Understanding Impacts of Stalking in Service Members: Tips for Providers

"Stalking is associated with anxiety, depression, stress symptoms, appetite disturbance, and headaches"
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By Elyse N. Mowle, Ph.D.
April 20, 2020

In recent years the Department of Defense has made strides in sexual assault prevention and response, including an increased focus on addressing sexual assault of men in the military. Less attention has been given to the psychological health consequences of stalking. However, if an individual experiences inappropriate actions such as harassment, cyberstalking, and stalking, he or she may be at greater risk for assault. The 2014 Service Academy Gender Relations Survey DoD survey results provide empirical support for the notion that stalking, sexual harassment, gender discrimination, and sexual assault are all part of a “continuum of harm” impacting military culture. Stalking may include inappropriate advances, unwanted sexual comments, and even direct threats – behaviors which lie on the continuum of harm.

The Uniform Code of Military Justice (UCMJ) defines stalking as involving repeated proximity, or verbal or written threats, that place an individual in reasonable fear of death or harm. The Military Justice Act of 2016 designated stalking and cyberstalking as crimes under their own articles, and the changes went into effect in January 2019.

Fast facts about stalking in the military:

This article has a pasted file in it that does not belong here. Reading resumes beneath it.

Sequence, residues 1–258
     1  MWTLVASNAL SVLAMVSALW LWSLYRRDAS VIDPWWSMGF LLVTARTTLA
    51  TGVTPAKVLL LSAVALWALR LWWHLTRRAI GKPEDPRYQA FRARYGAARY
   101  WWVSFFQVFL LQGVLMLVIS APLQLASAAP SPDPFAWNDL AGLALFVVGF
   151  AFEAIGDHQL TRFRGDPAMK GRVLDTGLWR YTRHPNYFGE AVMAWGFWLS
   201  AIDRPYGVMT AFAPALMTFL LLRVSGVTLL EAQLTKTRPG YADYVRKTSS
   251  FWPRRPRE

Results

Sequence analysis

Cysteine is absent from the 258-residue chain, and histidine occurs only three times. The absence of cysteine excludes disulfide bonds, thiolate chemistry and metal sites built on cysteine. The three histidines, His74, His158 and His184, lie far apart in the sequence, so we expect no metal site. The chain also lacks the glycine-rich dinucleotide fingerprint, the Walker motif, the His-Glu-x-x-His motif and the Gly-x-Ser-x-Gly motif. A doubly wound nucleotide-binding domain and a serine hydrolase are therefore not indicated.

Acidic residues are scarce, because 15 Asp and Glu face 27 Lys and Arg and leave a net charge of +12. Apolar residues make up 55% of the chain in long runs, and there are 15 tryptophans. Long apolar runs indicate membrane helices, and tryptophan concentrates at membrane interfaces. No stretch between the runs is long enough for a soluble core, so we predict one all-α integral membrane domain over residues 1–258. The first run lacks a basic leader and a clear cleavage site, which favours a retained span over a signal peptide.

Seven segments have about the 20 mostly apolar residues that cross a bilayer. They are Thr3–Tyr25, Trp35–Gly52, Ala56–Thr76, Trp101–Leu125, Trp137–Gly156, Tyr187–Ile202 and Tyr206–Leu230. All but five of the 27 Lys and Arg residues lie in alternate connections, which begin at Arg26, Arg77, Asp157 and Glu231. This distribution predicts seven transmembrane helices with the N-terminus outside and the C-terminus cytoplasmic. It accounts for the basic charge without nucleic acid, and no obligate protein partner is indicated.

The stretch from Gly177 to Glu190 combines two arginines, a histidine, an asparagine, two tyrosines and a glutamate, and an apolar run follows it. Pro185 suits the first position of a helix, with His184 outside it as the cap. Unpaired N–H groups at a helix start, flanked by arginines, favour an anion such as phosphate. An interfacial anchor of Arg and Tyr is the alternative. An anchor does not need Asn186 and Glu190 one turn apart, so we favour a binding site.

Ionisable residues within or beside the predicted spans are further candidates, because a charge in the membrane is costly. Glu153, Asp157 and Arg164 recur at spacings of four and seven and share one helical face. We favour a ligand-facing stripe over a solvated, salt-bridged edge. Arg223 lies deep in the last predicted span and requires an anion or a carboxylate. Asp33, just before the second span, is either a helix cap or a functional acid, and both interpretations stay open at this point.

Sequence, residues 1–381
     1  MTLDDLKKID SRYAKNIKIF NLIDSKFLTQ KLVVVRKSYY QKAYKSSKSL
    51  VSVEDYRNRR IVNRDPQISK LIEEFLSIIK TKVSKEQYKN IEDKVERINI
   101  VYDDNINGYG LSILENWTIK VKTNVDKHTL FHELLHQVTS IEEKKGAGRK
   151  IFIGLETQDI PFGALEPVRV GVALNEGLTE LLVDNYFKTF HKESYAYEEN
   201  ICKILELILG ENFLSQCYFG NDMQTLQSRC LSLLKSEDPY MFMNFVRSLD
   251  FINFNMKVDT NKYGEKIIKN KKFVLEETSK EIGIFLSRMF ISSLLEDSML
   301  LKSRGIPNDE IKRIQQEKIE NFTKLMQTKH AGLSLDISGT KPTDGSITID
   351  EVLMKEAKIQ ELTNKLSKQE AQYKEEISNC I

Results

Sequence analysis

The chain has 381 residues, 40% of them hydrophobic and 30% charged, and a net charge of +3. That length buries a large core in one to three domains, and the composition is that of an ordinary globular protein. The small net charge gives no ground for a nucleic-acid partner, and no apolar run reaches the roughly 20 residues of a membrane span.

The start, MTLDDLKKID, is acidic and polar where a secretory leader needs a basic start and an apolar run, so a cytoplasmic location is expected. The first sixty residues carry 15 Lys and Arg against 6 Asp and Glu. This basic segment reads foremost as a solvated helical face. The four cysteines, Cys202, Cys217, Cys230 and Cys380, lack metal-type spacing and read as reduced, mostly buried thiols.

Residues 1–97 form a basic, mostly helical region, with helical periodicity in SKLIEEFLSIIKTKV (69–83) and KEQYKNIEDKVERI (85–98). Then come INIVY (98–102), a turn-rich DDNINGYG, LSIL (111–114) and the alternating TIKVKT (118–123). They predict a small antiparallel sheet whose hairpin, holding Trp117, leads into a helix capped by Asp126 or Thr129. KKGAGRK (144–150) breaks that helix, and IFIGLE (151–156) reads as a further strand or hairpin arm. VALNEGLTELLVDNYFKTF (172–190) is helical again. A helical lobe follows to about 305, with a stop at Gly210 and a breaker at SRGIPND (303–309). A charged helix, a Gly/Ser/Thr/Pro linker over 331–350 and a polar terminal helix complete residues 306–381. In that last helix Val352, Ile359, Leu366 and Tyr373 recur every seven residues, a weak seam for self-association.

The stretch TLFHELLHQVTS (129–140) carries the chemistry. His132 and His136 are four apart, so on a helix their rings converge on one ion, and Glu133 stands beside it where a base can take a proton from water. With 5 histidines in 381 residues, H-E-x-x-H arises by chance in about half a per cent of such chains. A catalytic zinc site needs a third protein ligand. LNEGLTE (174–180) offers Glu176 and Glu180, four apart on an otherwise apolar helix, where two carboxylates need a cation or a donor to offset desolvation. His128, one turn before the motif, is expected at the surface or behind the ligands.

• The Department of Defense Fiscal Year 2018 Annual Report on Sexual Assault in the Military reported about 22 percent of women and 23 percent of men experienced stalking before and/or after a sexual assault incident.
  • In a recent study, 38 percent of a sample of about 2,000 veterans indicated experiencing stalking during military service.
    • Women reported most often experiencing unwanted messages, emails, or calls.
    • Men reported most often experiencing someone showing up unannounced or uninvited.
    • Stalking experiences were associated with symptoms of PTSD and depression, even after controlling for variables like deployment experience or sexual assault history.

Although less is known about the psychological health consequences of stalking in the military, in a study of civilians stalking was associated with anxiety, depression, stress symptoms, appetite disturbance, and headaches. While these experiences should be considered a normal response to a frightening situation, individuals who experience stalking may find some relief through psychoeducation, brief counseling or psychotherapy.

For patients accessing care, assessing service personnel for a history stalking experiences may help identify helpful areas for clinical attention. Providing treatment and connecting patients with support services can help and perhaps decrease the impact of such experiences on patients’ mission readiness.

Health care providers can assist service members who have experienced stalking: